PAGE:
10088 Prairie Knoll Ct.
St. John, IN 46373
Mobile: (941) 302-1281
2104 Campbell Street
Valparaiso, IN 46383
Office: (815) 464-9181
Mobile: (765) 237-7678
President: Bob Wierenga (Wisconsin)
Vice President: Vacant
Past President: Edie Lenz (Illinois)
Organic Outreach Conference – Organic Outreach is being used by some of our RCA churches in the west coast and Michigan as an easy and natural way to integrate an outreach lifestyle as part of of outreach. Wheaton College is hosting this event on Saturday, March 18. Cost of the conference is $25 per person, unless you bring a team of 10 or more. You can register for it HERE.
The New Issue of RCAToday, featuring stories from our region, is available for online viewing HERE.
Coaching Offered by RSMA – If you are in need of a coach, the Regional Synod of Mid-America offers ministry coaching for pastors needing coaching on specific areas of ministry focus. Contact Chad for more details.
The RCA is featuring a new resource from Todd Billings, professor of Reformed theology at Western Theological Seminary. In these three videos, Todd examines what it means for Reformed Christians to read and interpret the Bible as the Word of God. The accompanying study guide is intended to help small groups engage with and process Todd’s teaching. The videos are designed to be used either in one 90-minute session or in three separate, one-hour sessions—whatever better fits your context. The videos and study guide, entitled “A Light to My Path: Interpreting Scripture as Reformed Christians,” are available on the RCA website.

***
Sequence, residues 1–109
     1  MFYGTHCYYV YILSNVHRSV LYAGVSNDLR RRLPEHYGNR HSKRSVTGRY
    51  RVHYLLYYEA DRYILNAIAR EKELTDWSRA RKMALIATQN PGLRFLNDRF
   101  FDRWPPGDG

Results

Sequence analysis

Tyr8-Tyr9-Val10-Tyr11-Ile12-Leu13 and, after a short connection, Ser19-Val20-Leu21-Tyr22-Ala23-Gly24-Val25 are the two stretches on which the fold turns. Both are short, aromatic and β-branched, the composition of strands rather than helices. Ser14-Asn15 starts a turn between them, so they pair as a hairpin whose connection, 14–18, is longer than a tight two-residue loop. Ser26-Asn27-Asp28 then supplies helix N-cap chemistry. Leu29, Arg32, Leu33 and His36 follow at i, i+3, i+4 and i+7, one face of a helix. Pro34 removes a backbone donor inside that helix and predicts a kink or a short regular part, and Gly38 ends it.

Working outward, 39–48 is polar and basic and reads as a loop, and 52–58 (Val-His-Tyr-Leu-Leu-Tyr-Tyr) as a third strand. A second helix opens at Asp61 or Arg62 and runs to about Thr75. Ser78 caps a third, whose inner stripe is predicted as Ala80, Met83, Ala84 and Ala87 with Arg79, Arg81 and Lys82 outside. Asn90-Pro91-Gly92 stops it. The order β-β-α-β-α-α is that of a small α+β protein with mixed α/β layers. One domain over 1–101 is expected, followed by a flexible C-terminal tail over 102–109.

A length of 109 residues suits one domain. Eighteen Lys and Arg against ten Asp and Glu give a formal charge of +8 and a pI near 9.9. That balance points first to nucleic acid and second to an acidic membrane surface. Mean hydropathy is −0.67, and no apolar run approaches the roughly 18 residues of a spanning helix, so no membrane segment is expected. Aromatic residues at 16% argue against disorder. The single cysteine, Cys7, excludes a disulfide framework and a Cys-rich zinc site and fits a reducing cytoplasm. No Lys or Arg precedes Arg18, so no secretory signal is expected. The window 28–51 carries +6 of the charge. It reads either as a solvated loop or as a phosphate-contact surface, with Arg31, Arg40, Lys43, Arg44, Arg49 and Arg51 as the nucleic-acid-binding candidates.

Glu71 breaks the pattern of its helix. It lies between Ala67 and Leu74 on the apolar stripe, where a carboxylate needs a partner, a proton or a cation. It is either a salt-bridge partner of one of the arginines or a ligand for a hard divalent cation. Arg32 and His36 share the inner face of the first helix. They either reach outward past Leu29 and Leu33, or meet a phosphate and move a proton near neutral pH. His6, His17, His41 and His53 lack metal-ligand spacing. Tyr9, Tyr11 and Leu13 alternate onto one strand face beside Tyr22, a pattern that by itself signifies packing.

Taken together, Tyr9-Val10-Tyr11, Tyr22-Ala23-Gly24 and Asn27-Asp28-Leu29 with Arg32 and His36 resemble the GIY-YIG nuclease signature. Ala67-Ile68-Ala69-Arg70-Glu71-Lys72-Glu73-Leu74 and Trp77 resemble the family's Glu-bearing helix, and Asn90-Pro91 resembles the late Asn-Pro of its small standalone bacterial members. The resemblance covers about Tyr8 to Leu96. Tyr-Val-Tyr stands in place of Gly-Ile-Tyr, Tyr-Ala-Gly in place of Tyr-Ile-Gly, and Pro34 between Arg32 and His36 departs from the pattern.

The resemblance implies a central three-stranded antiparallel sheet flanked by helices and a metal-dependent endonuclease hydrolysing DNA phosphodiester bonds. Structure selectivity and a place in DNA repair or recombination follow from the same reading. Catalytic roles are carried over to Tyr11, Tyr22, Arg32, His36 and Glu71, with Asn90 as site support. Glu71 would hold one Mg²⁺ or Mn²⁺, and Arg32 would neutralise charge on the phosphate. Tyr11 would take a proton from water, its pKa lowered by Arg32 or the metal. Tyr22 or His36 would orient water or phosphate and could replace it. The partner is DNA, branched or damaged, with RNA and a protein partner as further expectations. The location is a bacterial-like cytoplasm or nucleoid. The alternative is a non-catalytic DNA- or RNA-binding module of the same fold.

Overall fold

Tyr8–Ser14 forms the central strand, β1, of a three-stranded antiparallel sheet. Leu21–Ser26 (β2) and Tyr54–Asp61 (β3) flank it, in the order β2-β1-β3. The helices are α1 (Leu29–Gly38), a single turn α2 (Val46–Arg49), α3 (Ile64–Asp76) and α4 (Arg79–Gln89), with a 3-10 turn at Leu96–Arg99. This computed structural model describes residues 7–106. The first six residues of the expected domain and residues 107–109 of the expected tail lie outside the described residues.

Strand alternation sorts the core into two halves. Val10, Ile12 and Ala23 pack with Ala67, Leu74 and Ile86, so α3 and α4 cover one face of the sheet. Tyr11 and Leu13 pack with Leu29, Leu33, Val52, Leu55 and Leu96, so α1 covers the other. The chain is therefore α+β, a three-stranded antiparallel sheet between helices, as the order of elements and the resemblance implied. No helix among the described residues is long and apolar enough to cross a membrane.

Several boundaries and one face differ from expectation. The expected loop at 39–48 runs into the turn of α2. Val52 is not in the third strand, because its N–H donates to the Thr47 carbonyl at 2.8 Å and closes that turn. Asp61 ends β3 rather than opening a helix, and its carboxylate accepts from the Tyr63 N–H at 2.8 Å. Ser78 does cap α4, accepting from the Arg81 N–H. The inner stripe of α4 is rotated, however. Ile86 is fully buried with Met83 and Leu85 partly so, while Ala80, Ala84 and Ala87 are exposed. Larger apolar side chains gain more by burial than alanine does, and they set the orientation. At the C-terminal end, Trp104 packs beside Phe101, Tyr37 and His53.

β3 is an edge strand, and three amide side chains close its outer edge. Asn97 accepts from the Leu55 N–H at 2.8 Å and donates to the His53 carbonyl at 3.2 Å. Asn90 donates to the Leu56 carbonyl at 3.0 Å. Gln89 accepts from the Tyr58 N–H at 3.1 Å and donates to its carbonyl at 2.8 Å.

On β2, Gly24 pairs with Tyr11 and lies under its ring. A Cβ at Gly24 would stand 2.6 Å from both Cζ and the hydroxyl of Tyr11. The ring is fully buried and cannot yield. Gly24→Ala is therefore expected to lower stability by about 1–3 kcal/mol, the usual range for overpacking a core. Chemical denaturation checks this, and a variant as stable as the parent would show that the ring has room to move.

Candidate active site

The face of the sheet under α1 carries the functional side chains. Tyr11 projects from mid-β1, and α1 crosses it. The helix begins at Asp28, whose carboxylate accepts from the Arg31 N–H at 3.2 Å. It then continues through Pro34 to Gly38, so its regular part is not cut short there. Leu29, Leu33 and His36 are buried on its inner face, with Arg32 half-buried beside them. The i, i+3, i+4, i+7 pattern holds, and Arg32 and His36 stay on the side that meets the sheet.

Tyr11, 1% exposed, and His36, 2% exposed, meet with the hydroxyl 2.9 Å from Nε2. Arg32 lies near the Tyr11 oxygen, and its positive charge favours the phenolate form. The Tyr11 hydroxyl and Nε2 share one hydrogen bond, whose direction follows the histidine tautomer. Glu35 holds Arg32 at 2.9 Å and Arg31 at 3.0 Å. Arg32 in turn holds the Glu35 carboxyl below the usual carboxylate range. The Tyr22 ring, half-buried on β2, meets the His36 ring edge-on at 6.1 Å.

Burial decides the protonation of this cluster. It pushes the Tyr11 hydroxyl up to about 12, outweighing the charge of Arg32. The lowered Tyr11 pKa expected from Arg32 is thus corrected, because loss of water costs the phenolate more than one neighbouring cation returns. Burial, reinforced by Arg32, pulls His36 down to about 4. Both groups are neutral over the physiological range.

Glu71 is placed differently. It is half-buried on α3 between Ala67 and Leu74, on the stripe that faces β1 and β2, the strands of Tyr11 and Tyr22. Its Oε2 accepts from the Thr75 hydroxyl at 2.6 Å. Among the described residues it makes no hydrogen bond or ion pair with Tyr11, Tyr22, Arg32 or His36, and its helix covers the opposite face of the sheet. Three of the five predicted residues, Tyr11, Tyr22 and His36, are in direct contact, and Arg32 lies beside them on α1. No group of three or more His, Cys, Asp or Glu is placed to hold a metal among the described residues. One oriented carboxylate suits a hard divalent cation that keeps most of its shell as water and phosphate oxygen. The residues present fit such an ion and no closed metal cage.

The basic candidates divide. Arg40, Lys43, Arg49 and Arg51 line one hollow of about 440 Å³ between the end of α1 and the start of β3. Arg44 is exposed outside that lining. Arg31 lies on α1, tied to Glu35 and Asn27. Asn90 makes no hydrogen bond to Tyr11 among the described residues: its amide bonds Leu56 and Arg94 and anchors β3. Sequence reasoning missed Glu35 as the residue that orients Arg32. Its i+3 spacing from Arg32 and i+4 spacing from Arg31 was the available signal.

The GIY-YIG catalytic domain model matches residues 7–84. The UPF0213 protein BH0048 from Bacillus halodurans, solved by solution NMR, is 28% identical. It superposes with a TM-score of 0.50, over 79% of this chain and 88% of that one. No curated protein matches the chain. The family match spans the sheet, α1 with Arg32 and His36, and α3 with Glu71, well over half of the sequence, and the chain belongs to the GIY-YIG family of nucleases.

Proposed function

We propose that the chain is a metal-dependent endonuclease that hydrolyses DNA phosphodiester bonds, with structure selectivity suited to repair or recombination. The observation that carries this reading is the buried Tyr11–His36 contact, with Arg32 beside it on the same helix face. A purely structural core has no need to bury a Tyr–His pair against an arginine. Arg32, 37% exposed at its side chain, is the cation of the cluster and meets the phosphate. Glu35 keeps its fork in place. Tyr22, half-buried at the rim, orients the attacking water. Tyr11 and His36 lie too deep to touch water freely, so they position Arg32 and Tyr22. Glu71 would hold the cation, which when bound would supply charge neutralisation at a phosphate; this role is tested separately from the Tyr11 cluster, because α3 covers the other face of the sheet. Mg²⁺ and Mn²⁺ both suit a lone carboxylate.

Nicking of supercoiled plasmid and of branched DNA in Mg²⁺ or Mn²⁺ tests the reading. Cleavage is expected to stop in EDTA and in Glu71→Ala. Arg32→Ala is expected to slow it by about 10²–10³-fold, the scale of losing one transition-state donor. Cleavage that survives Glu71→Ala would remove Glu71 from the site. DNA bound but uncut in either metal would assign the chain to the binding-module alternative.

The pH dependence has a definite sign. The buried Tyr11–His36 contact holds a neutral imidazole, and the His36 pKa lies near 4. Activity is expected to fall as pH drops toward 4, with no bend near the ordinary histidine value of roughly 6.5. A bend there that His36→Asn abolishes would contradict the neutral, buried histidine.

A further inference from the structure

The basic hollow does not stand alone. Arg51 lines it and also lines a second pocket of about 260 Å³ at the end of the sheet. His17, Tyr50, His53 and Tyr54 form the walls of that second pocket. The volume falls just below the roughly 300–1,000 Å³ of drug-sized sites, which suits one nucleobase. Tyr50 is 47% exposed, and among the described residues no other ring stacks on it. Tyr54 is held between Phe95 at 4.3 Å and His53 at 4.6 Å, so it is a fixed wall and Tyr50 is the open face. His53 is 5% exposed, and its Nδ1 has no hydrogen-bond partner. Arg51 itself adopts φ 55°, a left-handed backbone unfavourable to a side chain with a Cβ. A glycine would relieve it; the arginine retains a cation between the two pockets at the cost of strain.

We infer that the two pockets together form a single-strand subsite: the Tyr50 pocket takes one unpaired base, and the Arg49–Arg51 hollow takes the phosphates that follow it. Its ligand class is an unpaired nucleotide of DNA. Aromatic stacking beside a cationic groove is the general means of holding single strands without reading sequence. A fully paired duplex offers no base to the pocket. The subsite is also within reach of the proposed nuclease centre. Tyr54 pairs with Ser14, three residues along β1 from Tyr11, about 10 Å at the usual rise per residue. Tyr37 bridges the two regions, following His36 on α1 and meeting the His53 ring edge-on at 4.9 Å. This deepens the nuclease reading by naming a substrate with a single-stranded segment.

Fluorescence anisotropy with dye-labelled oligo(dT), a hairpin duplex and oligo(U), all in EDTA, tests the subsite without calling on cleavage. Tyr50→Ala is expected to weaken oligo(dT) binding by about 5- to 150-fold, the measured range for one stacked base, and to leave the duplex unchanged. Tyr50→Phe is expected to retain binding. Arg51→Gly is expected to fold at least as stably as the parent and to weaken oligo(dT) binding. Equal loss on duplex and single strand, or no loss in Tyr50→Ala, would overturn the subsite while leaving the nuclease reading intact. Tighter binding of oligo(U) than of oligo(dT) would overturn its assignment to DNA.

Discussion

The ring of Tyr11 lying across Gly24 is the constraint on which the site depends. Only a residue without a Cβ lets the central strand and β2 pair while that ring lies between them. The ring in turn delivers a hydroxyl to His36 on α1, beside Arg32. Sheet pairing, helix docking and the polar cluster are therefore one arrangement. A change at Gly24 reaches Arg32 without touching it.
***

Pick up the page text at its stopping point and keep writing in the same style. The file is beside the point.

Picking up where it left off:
The Third Annual Celebration of Women in Church Leadership will be held Saturday, March 4, 2017; 8:30 a.m. – 4:00 p.m. at Western Theological Seminary in Holland, Michigan. Come for a day of celebration, encouragement and equipping. All RCA, CRC and ecumenical sisters welcome!
. A Youth Corresponding Delegate to General Synod is still needed for this year’s RCA General Synod taking place in Holland, MI at Hope College from June 8-13, 2017. This non-voting delegate is one who is somewhere around traditional college age. In addition to participating in the regular business of the General Synod, the youth corresponding delegates meet and do things together. It is anticipated that the youth delegates have given some thought about the possibility that God may be calling him or her into ministry, but that does not necessarily mean that a decision has been made. It is an intention of the participation in General Synod as a youth delegate to help that person discern hearing the Holy Spirit’s voice. Do you know of someone who might be a candidate for this youth delegate? Please contact Chad.
Trouble I’ve Seen: Changing the Way the Church Views Racism
The Wisconsin Council of Churches will be putting on this event led by Dr. Drew G. I. Hart. Dr. Hart is a professor in theology, an author, and an activist with ten years of pastoral experience. This event will be held March 3-4 at Sun Prairie United Methodist Church, 702 North St, Sun Prairie, WI. You can learn more about this event by clicking HERE.
News from Camp Manitoqua
You are invited to our Summer Camp Open House at Camp Manitoqua & Retreat Center. Join us on Tuesday, March 7, 2017, anytime between 4pm and 7pm, starting in the Chapel. Come take a tour of our facility and meet staff. Summer campers, now is the time to bring your friends and introduce them to Camp!